removed from spoken language

The value of the language of poetry is directly proportional to its being removed from the spoken language. This is what common people cannot understand, since they do not want to accept the fact that a poet endeavors to express only the unutterable.

—Vicente Huidobro, “Poetry,” lecture delivered at El Ateneo de Madrid, 1921, The Poet is a Little God (Xenos Books, 1990), translated by Jorge García Gόmez.


the breaks

A linebreak as a means to semantic attention or syntactic surprise.


written tune

The poem being all music and no gist, made me wonder whether it would have been better whistled rather than written.


inadvertent advert

So often listed in poets' bios, more poets knew the name of the literary magazine than ever read the magazine itself.


frail reasoning

Much of the poetics one hears about ‘the line’ amounts to grasping at straw.


color drained from them

Words go wan before experience.


walk and talk

I was from German and Scandinavian working farmer/logger/fisherman world of pre-WWII Puget Sound, Allen from the New York City Immigrant Left. We met in a backyard in Berkeley, and again in Kenneth Rexroth's wood-floored apartment in the foggy Avenues zone of San Francisco...We argued a lot and were not easy on each other. I made him walk more, and he made me talk more. It was good for both of us.

—Gary Snyder, introduction to The Selected Letters of Allen Ginsberg and Gary Snyder (Counterpoint, 2008)


stay with it

To reveal the mystery within the real without resorting to metaphor.


greasy and slick

Slathered with unctuous blurbs, the book felt uncomfortably sticky to the touch.


stress no less

When you say this is ‘blank verse’, are you talking only about the poem’s meter?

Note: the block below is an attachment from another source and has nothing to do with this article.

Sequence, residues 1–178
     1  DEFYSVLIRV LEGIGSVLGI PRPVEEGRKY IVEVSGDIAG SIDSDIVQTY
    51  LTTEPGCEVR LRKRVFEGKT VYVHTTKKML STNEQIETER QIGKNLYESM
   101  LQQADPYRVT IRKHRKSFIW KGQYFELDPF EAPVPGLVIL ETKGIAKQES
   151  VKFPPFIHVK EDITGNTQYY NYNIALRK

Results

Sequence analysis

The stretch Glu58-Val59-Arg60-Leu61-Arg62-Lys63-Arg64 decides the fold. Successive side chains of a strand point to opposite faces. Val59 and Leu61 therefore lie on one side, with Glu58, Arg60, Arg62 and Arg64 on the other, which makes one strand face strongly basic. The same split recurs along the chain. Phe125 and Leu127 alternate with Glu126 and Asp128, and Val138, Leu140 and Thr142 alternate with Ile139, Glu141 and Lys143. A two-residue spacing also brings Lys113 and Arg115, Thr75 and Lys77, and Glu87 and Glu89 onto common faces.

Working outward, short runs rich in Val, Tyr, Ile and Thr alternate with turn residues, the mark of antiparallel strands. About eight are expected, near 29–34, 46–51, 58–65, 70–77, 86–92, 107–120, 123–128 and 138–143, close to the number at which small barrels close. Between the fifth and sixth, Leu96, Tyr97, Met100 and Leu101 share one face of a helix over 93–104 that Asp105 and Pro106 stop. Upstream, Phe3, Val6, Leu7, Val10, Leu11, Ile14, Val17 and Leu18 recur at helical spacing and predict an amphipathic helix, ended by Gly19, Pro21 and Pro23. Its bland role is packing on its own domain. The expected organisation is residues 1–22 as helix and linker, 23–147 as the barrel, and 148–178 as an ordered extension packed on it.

could hear it coming

You could drop that noisy last line like a bad muffler.


no feet


Don’t ask me to write with my feet
He replied
When they accused him of being too intellectual

—Nicanor Parra, “XXIX,” After-Dinner Declarations (Host Publications, 2008), translated by Dave Oliphant


dangerous crossing

The poem could only cross this line at its own peril.


craft's limit

Where and when the resources of craft run out, art must sustain.


no family resemblance

Everywhere critics keep finding heirs to the childless Whitman and Dickinson.


rogue prose

The poem as reprobate prose.


flickering effects

Like Constable, Tomlinson admires accidents because they are governed by laws, however difficult to fathom (just as his poetry careens between seeming laxness and the occasional inevitability of rhyme and meter); he most values the peculiar combination of revelation and concealment brought about by changes of light in a landscape. The pleasure of seeing and then rendering, whether in paint or in language, the unstable, flickering effects in an external scene “discovers” (his word) one’s true identity, allowing the artist to become himself only during the moments when he is actively engaged in reproducing his passive observations. What we see uncovers what we are; what we are defines what we discover. By using as an epigraph to his poem Constable’s own inquiry into the relation between science and painting (“May not landscape painting be considered as a branch of natural philosophy, of which pictures are but the experiments?”), Tomlinson implicitly asks whether landscape poems might not constitute equivalent experiments.

—Willard Spiegelman, “Just Looking: Charles Tomlinson and the ‘Labour of Observation’,” How Poets See The World: The art of description in contemporary poetry (Oxford U. Press, 2005)


mind museum

Looking at paintings/photographs helps one fill a mind museum of fine images.


follows the money

After his death, the poet’s reputation slipped in proportion to the fewer pages in major anthologies carrying his work, which in turn was a result of the hefty fees his rights holders asked for permission to reprint his poems.